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Butterfly  Small Copper

Small Copper Butterfly - Photo  Copyright 2000 Gary Bradley
Photo: G. Bradley

UK Safari Tip:
Need help identifying butterflies? Checkout the ID chart in the Nature Shop - click here

Latin name: Lycaena phlaeus

Size: Wingspan approximately 25mms.

Distribution: Found throughout the UK, but less common in Scotland.

Months seen: May to October.

Habitat: Sandy heathland and woodland edges.

Food: Nectar.

Special features: The small copper is named after its bright copper coloured forewings, which are dotted with black spots and have a black border.

The Small Copper is a fast flying butterfly, and by daytime is almost constantly on the move. Even when feeding, it rests with its wings half open (as above) ready for a lightning fast take off. Should another insect enter its air space, the small copper will swiftly drive it away.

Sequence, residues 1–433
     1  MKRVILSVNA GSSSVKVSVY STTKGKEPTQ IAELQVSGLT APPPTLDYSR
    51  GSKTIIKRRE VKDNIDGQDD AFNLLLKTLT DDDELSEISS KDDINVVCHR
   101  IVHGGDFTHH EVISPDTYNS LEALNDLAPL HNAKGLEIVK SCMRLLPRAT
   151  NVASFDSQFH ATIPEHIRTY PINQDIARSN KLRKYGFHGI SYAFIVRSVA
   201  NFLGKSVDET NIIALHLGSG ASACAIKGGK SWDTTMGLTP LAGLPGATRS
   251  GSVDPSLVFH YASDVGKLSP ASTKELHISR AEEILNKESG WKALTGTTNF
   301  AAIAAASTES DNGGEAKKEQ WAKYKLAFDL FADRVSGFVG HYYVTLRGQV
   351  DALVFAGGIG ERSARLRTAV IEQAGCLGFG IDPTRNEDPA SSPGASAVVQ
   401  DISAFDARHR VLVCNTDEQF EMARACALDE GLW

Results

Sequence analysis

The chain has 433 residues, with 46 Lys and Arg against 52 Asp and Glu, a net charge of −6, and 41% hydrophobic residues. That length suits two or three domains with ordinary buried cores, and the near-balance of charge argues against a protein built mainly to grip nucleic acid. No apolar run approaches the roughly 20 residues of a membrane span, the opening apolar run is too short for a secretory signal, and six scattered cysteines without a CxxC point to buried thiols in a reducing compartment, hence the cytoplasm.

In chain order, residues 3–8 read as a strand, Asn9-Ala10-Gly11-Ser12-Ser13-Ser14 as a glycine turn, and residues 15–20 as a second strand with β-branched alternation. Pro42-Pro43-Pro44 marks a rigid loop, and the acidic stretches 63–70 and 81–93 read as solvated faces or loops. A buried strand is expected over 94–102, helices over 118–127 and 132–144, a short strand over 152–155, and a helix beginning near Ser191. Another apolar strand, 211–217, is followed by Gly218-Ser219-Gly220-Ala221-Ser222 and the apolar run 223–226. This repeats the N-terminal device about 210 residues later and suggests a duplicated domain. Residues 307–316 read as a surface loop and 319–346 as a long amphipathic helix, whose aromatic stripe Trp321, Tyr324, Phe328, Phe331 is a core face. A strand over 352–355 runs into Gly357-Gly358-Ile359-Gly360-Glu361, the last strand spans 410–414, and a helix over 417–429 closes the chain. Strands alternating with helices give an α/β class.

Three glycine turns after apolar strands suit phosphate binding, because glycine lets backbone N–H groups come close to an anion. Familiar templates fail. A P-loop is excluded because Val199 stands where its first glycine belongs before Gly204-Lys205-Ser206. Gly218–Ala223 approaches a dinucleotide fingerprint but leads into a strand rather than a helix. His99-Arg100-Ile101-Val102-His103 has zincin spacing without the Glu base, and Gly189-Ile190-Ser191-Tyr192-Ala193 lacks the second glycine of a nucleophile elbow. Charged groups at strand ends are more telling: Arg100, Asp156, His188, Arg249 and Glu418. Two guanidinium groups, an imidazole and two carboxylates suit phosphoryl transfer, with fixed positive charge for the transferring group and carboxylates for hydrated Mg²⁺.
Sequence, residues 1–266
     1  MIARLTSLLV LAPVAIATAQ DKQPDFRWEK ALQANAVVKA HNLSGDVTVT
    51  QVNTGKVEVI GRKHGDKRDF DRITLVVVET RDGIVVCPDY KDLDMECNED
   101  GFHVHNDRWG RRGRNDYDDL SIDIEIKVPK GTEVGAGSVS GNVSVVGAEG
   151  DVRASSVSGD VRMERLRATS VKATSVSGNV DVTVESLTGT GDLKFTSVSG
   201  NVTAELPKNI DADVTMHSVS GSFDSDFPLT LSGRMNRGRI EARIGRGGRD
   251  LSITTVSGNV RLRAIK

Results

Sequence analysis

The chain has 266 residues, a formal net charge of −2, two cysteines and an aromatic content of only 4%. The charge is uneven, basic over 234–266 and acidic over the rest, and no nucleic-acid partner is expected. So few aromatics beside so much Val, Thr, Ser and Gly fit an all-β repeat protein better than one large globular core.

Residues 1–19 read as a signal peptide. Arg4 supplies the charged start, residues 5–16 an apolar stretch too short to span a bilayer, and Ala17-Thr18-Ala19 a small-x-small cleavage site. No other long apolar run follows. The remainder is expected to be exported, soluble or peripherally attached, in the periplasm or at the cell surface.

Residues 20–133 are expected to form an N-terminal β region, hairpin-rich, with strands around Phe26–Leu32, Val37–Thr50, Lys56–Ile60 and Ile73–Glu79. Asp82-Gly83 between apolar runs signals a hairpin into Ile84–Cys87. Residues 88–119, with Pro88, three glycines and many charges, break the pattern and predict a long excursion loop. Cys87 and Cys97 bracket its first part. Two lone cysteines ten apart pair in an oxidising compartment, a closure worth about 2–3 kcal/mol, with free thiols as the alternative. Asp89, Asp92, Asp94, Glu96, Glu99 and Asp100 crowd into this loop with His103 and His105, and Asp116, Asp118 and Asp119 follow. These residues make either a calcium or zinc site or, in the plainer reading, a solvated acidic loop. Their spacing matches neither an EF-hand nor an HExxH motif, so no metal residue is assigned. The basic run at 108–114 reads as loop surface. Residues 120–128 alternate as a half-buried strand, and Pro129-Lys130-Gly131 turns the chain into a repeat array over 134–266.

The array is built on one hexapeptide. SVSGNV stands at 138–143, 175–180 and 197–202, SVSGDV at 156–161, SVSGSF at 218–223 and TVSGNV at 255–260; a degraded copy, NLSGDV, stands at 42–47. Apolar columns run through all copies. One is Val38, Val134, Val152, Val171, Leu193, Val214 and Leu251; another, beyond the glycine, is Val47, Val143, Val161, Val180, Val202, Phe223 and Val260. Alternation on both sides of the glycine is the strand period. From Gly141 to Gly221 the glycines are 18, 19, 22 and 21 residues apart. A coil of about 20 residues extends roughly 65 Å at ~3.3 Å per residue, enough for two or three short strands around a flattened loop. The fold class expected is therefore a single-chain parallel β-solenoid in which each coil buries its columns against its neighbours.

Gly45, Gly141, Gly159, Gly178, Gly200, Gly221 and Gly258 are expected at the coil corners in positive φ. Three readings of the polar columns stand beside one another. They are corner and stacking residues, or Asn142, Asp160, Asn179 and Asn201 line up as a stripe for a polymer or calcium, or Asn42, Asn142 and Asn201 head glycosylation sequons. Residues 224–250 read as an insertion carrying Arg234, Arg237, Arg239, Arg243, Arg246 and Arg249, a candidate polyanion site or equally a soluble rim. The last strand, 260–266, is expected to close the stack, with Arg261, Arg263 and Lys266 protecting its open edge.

These butterflies prefer sandy heathland, where their caterpillars can feed on their favourite food plant - sheep's sorrel. The bright green caterpillars are covered with tiny hairs, and when viewed from above, their legs and head cannot be seen, so they just look like a part of the leaf they are eating.

In a good summer, the adults can produce three broods. The first in May, the second in August and a third as late as October.

This is the last remaining copper butterfly in Britain since the Large Copper became extinct in the mid 1800's. Attempts to re-introduce the large copper, so far, have been unsuccessful. Experts have yet to determine the exact formula for their survival here.


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